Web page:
But when will Australia retire? In what year is the Australian government expecting its $370 billion a year income to suddenly drop, never to rise again? While individuals might make plans to retire, debt-free, at 55 or 75, it is meaningless for a government to plan to be debt free by any arbitrary date. Unless of course you have no good ideas for how to shape the future of our nation.

The roads we drive on, the hospitals we rely on and the sewers we take for granted were all built and paid for by governments, on behalf of voters, that were far more concerned with the future than the recent governments whose proud promise was to leave future generations with clogged cities, crowded hospitals and slightly lower levels of public debt. But what should we do?

Bill Shorten's promise to spend $10 billion on infrastructure is a good start. But that said, $10 billion is by no means a lot of money. With a population set to double by 2060, it follows we need to double the number of schools, trains, hospitals and sewers that we inherited from our generous forebears.

Ten billion dollars is less than $420 worth of new infrastructure for every man woman and child in Australia. And the $10 billion isn't an extra annual investment, it's a one-off. Shorten's willingness to talk about debt and Turnbull's desire to rebuild our cities might mark the beginning of a new national conversation but we have a long way to go. That said, hearing Treasurer Scott Morrison running Hockey's lines about Australia having a spending problem might mean it will be slow going for the Coalition.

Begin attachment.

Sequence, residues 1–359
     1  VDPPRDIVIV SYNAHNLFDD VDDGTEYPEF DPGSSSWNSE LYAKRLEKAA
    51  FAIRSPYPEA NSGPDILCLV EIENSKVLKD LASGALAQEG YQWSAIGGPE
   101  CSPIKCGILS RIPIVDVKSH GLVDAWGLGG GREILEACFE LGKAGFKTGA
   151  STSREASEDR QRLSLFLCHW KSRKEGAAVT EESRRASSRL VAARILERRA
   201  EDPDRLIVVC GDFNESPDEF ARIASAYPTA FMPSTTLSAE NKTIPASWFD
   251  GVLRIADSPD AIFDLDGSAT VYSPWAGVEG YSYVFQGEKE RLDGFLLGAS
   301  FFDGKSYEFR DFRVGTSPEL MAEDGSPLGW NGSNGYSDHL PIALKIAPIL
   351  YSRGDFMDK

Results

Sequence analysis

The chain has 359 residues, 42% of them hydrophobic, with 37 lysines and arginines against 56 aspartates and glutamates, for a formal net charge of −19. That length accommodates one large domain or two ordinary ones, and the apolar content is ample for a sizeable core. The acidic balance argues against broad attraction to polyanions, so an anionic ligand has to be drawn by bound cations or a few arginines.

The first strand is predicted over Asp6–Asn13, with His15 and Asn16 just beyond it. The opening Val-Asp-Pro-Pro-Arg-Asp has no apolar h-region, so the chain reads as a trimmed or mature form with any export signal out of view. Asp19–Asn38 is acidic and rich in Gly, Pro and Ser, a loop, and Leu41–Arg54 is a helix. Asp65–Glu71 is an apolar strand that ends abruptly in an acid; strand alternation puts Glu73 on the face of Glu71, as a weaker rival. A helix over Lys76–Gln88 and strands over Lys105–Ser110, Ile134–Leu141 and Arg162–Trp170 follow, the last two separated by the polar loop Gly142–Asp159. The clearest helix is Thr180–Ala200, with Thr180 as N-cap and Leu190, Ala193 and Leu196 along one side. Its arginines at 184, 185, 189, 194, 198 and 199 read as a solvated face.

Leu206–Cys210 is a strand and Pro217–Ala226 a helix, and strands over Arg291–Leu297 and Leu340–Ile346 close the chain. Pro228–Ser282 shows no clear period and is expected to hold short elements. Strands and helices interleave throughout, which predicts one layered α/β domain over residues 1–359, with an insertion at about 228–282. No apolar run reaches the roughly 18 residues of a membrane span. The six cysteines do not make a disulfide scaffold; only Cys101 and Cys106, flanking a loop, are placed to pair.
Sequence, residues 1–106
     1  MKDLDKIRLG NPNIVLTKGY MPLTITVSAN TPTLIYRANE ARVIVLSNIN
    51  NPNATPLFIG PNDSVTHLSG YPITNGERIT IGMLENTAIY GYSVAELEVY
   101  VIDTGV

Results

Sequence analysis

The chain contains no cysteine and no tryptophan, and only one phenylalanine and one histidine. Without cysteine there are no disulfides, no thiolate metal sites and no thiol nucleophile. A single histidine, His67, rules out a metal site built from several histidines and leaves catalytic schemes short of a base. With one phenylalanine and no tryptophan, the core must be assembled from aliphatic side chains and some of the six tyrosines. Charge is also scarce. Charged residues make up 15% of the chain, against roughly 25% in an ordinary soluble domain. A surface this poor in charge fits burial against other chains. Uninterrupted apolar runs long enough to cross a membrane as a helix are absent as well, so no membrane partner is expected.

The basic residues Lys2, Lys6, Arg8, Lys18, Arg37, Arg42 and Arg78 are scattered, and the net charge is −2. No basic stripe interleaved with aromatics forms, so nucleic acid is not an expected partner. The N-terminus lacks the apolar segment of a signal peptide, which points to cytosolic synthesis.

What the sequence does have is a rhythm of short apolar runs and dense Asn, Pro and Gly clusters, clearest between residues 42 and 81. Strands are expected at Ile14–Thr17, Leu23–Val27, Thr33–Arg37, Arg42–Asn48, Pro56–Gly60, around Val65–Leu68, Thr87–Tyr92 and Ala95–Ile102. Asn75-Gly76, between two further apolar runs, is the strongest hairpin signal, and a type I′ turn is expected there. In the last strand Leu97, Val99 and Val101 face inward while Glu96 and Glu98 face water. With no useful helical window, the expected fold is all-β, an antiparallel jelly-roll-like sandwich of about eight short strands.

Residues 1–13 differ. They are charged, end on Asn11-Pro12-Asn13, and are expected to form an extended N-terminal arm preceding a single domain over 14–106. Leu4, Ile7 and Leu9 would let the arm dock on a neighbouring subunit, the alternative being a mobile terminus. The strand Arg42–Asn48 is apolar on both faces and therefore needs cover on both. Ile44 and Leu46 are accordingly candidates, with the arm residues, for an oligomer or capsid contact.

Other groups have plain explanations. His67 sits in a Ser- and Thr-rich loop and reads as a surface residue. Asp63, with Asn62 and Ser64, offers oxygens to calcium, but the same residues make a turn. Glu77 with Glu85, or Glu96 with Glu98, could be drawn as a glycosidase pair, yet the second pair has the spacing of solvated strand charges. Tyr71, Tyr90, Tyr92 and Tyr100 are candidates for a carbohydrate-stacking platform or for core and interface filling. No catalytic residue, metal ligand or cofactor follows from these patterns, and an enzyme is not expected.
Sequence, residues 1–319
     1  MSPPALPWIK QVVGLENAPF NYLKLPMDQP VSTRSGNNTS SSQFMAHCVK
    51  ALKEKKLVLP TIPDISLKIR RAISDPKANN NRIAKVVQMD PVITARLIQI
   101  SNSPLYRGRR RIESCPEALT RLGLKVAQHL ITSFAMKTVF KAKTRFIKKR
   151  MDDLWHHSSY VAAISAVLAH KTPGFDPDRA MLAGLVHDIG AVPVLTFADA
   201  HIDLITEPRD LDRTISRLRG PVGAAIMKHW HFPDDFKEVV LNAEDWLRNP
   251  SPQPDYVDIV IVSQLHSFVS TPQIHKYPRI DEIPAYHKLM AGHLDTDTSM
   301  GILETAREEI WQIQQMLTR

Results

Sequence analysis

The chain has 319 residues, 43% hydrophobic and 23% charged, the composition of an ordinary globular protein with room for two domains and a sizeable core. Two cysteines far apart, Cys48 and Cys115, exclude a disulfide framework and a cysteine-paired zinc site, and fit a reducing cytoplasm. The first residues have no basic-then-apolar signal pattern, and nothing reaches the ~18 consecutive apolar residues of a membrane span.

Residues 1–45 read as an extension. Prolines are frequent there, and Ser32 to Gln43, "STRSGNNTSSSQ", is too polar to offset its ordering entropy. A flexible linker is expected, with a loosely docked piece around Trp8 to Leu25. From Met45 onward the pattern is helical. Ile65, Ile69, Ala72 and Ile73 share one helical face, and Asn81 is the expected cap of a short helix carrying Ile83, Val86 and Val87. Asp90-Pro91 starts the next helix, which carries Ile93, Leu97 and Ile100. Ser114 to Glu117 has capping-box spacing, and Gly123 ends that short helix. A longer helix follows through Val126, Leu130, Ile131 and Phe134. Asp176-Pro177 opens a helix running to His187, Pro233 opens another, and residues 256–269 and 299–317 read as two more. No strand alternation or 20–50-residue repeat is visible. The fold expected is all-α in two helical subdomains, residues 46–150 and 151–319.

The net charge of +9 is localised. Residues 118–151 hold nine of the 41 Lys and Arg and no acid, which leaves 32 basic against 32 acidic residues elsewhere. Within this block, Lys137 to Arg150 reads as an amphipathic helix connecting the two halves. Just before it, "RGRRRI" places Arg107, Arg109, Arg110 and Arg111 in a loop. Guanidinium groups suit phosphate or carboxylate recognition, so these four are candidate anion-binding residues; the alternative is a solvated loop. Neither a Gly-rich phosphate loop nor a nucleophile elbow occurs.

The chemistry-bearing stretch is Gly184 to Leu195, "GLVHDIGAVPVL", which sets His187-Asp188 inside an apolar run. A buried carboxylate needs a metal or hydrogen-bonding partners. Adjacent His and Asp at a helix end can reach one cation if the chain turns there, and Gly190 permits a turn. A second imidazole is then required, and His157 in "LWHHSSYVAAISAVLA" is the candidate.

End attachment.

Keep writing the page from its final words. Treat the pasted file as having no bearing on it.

No one abused the 'government budget is like a household budget' metaphor more than Hockey.

Australia has low levels of public debt by international standards. While Tony Abbott and Hockey tried valiantly to suggest our public finances resembled those of Greece, the exact opposite is the case. But is any Australian politician ready to take the next step and argue that, if we are to future-proof our economy, we will need to significantly increase the level of public debt? Is anyone willing to talk about the need to borrow a lot more money?

Providing infrastructure for the next 25 million people to move to Australia will not be cheap. Building the kind of public transport systems that make cities of 10 million-plus, like London and Tokyo, liveable will not be cheap. Nor will building a new energy system, or adapting to the two degrees (or likely more) of climate change that the government is willing to accept. Simply maintaining the existing low quality of our cities' infrastructure will cost hundreds of billions of dollars in the coming decades.

The choice for our leaders is whether they want to borrow the money such massive investment will require, significantly increase annual tax revenue, or gradually let our public infrastructure decline to the level of that provided by the low tax developing countries that so many conservative politicians like to compare us to.

While Abbott and Hockey were clearly happy to cut taxes, cut spending, and let the quantity and quality of infrastructure decline, Prime Minister Malcolm Turnbull has suggested he wants to take a different route. Shorten has gone further and admitted debt will be required. Both offer an improvement over Abbott's "plan" but neither have come close to telling the public the expensive truth about the cost of maintaining our quality of life as we double the population. For Australia to prosper, we are going to need to borrow a lot of money.

Richard Denniss is chief economist at The Australia Institute. Twitter: @RDNS_TAI

Dr Richard Denniss is chief economist at The Australia Institute, a Canberra think tank, www.tai.org.au